Immersion. That’s the first idea that comes to mind when writing about Edward Brody’s brilliant novel, Eden’s Gate: The Reborn.
Released in 2017, Eden’s Gate: The Reborn features a new type of VR World: Eden’s Gate. It’s comparable to Ready Player One‘s OASIS, but the creator of this new world doesn’t tell the users about its dark secret… not until it’s too late, at least.
Over five million people bought the exclusive VR headsets for Eden’s Gate and logged in day one. However, an hour after it went live, the president of the company did a livestream where he announced that all people who logged in are now dead in real life as their subconscious has been transferred to Eden’s Gate. To prove his point, he then logs on himself in front of a shocked audience. The lead character Wade sees this message from inside Eden’s Gate, so it’s too late for him. He’s immersed, without a choice.
Turns out, however, that the gaming community doesn’t actually view this as a negative. In fact, people are actually logging in after this announcement too – to the point the President of America has to call a national emergency. Eden’s Gate: The Reborn expertly switches between real life and Eden’s Gate, and provides a thrilling back and forth between the two worlds.
Eden’s Gate is a virtual world structured a bit like The Elder Scrolls: Skyrim. Set in a medieval-like time, Gunnar gets to explore a small portion of what this world has to offer within the opening novel to Edward Brody’s series. Gunnar dabbles in magic, upgrades his stats, and even befriends some high elves and other NPCs. For the most part, the dialogue is written really well, and Gunnar’s inner turmoil with being trapped in Eden’s Gate transforms realistically into acceptance for his new home. Some of the best writing comes from how Gunnar chooses to level up, and the novel clearly displays how each of his stats improve. Eden’s Gate: The Reborn is true LitRPG.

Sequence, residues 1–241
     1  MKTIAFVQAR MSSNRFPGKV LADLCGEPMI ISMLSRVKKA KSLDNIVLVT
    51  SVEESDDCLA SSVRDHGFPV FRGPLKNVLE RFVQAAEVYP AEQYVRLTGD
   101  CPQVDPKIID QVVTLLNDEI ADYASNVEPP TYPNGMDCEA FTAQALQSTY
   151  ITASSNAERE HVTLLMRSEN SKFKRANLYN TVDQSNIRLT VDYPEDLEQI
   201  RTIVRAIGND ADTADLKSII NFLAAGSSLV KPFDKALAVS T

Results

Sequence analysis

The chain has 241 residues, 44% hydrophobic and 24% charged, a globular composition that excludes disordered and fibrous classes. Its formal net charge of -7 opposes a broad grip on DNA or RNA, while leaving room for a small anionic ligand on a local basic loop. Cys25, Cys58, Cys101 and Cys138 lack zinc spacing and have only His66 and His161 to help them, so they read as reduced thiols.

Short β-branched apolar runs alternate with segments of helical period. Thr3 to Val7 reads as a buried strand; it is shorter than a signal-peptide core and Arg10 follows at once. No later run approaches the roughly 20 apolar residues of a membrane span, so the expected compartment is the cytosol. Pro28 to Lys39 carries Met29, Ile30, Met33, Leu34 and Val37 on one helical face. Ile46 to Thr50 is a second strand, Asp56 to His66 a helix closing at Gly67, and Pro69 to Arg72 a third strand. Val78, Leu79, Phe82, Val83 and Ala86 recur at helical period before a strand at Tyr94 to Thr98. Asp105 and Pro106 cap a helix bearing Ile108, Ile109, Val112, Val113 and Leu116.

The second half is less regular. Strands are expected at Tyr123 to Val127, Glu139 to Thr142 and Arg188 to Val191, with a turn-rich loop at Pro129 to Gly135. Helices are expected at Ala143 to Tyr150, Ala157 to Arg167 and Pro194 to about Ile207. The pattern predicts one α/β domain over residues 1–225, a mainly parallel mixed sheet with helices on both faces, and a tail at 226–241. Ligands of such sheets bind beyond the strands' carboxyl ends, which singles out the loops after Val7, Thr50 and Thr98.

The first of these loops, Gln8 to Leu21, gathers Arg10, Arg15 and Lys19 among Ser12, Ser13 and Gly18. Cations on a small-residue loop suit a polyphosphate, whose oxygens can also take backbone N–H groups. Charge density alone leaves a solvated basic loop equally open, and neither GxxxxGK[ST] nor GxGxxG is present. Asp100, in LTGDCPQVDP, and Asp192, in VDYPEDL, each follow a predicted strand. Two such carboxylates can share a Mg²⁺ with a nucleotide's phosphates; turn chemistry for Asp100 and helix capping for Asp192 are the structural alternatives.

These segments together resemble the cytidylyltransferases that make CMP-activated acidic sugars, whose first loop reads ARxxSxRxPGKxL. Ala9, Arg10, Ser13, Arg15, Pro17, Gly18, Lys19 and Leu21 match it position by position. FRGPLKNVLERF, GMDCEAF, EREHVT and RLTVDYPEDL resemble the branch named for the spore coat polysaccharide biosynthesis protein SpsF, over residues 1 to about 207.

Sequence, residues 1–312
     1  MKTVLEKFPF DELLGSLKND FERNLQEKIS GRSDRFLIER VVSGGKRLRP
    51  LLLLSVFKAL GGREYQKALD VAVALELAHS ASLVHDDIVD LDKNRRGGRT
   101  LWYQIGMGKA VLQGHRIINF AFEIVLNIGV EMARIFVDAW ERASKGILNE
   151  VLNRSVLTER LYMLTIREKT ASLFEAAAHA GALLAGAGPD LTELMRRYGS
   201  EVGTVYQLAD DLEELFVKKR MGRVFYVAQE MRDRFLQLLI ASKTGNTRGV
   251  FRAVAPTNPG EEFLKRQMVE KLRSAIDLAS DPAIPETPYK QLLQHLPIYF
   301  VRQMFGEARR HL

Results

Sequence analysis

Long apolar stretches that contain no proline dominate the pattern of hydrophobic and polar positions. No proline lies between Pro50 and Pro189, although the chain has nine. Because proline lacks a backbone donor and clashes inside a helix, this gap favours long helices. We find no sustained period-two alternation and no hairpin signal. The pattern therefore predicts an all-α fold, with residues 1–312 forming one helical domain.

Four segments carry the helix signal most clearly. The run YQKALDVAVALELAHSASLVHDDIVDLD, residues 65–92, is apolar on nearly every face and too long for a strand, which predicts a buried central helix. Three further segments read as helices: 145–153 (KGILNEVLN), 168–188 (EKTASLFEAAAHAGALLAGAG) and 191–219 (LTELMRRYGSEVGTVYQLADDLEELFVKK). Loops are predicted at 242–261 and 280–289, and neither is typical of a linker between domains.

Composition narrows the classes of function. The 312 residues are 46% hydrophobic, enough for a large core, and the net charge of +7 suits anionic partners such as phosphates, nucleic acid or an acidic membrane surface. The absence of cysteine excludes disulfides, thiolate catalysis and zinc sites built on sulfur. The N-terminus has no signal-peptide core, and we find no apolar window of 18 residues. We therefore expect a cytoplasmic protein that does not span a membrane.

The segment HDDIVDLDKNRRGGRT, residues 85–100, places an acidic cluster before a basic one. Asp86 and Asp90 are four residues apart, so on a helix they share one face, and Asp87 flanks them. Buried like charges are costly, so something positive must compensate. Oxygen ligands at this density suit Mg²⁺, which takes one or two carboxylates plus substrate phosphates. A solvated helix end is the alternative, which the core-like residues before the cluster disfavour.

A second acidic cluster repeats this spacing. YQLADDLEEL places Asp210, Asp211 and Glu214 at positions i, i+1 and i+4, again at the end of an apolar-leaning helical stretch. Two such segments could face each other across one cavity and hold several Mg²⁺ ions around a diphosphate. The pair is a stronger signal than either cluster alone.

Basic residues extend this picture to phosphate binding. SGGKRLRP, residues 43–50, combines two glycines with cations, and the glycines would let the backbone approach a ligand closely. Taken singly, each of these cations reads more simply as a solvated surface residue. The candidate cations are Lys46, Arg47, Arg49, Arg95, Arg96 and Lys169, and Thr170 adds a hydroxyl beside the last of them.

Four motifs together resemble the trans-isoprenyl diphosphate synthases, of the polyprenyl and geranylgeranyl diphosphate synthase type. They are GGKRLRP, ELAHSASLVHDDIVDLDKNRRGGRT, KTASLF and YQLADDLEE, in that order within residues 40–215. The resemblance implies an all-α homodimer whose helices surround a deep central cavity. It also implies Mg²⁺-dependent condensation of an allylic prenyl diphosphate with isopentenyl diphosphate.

Sadly, some cliches are too present within the novel. Gunnar in real life is a bit of a recluse, but of course he has a fantastic girlfriend (Rachel) who is willing to buy him these expensive VR headsets. Plus, there’s some fairly cringey ‘sex-talk’ which just cries of young teenage angst. Gladly these parts are few and far between, and don’t taint the overall story too much.
Gunnar does come across one other actual player around halfway through the novel: a worker from the Eden Gate company who wants to try and save the game from the people in the real world who want to shut it down. Strangely, the only other real person who Gunnar meets in the game is, at times, as poorly written as a bad NPC. But his inclusion serves the purpose of adding extra spice to the story, and that is at least done very well.
At first Gunnar is set on finding Rachel, who could be anywhere within Eden’s Gate. But as the story develops, Gunnar’s ambition also grows, and new motives come into play.
Eden’s Gate: The Reborn is a highly immersive novel that’s as impossible to put down as Gunnar’s VR headset. It’s a must-read for all gamers looking for a fantasy novel in the style of a great RPG.